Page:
P1: All living things are mortal.
P2: Men are living things.
P3/C1: All men are mortal.
P4: Socrates is a man.
C2: Therefore, Socrates is mortal.

According to your "logic", the above argument contains the logical fallacy of begging the question. Nuff said.

Except that is not the form of your argument. Your arguent was:

forexhr wrote Message 200:

P1: In the natural world, previously non-existent things can come into existence only by natural means, through variations.

P2: Biological functions are things that exist in nature, and many of them were non-existent in the first life forms.

C1/P3: Therefore, many biological functions are previously non-existent things.

or, to put it in simple terms

P1: X only occurs by Y
P2: Z exists now and did not before
C1/P3: Therefore Z now exists (and previously did not)

This "conclusion" makes no reference to P1 and just rewords P2 (which clearly shows the begging the question fallacy).

A more proper construction would be:

P1: In the natural world, previously non-existent things can come into existence only by natural means, through variations (and selection).

P2: Biological functions are things that exist in nature, and many of them were non-existent in the first life forms.

C1/P3: Therefore, many biological functions came into existence by natural means, through variations (and selection).

Which sort of ruins your argument, because you started with an improper conclusion, while the valid conclusion is at odds with your argument.

It is also instructive to note that creationists/IDologists frequently make the logical fallacy of the part for the whole when they refer to one part (variation) of basic evolutionary theory and ignore the other part (selection)

One of the signs of a losing argument is the use of the ad hominem attack on the messengers instead of dealing with their arguments.

P1: RAZD is claiming X.
P2: RAZD is a moron.
C: Therefore, X is not true.

The above is an ad hominem attack, while saying that RAZD misrepresents obvious facts is not.

And we're back to the ad hominem to "defend" a losing argument instead of dealing with the "(fact)" that the evidence of reality refutes your hypothetical mathematical model.
Enjoy

"Attacking the person" is not ad hominem fallacy. An ad hominem fallacy is attack against person that is used as a premise within an argument. For e.g.: argument 1 (P implies Q , P therefore Q), also you (my opponent) is an idiot. Therefore, my opponent is wrong. If the argument is a conjunction of Argument 1 and my insult, then it is a fallacy, because my insult is a premise. However, argument 1, therefore my opponent is wrong, also, btw, you are an idiot. This is not an ad hominem fallacy because "attacking the person" is not being used to support an argument as a premise.

Not quite.

quote:
Ad hominem

Ad hominem (Latin for "to the man" or "to the person"[1]), short for argumentum ad hominem, is a fallacious argumentative strategy whereby genuine discussion of the topic at hand is avoided by instead attacking the character, motive, or other attribute of the person making the argument, or persons associated with the argument, rather than attacking the substance of the argument itself.[2] ...

Paul Graham's Hierarchy of Disagreement lists ad hominem as the second lowest type of argument in a disagreement.


Of course the implication of the ad hominem is that the argument (message) of the person (messenger) can be ignored.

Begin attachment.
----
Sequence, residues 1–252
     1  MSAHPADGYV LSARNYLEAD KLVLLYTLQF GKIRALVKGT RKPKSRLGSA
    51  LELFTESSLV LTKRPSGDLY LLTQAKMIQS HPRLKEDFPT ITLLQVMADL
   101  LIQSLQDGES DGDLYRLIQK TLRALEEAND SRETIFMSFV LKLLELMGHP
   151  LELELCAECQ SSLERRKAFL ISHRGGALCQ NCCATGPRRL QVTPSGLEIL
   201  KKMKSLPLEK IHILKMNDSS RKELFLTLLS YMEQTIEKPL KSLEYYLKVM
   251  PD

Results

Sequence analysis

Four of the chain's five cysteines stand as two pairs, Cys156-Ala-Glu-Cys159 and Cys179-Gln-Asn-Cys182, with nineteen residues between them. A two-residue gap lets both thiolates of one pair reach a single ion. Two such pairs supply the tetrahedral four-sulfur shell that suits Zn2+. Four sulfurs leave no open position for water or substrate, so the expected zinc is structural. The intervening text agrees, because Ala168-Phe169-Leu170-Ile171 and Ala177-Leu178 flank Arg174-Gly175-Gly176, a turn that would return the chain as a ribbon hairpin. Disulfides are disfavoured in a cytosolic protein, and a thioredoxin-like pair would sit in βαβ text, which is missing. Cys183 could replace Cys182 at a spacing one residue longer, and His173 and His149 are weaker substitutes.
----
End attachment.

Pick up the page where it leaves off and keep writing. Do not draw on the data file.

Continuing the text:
P2: RAZD is a moron.

And that is the lowest type of argument in a disagreement.

Please educate yourself.

Again with the irony. The point remains that you attack the people criticising your argument instead of their arguments and the content of those arguments that show serious problems with your mathematical concept/fantasy.

This type of argument is typical in cases of where the person experiencing dissonance (the real world not matching his fantasies) tries to ignore, deny, or diminish the conflicting information by pretending the messenger is not honest/knowledgeable etc.

Now all you have to do is prove that I committed one these false assumptions. Copy-pasting something from the tutorial: "How to Argue With Creationists/IDiots" is not the way to refute an argument.

No, you have to demonstrate that you haven't: you're the one making the claim, it is yours to defend, but just for kicks, grins and giggles, you claim:

How many? 10^405. Here is the quote from the article.

"The next thing we need to know is the functional space size of gills. This size represents the number of all possible molecular arrangements (gene variants) that will provide underwater respiratory function. We can get this number through the parameter that we will call the deformation tolerance. What does that mean? Well, if we presuppose the existence of fully functional primitive gills, and we start to deform them by randomly rearranging their molecules, then obviously, at some point, we will destroy their ability to provide underwater respiratory function. In other words, gills, just like all other biological structures, have some deformation tolerance. Let’s be very conservative and assume the deformation tolerance of 50 percent. In terms of genes, such deformation tolerance means that 50 percent of base pairs in a gene that codes for primitive gills can be random, and this will still retain the ability of this structure to provide underwater respiratory function. Although biological structures can tolerate a lot of variance or deformation without affecting their functional roles, the deformation tolerance of 50 percent is way too big, but the aim is to give every possible advantage to the evolution theory.

In other words you only take one functional "gill" and reduce it until it doesn't work, what you don't do is cover all other ways to provide the same function as gills.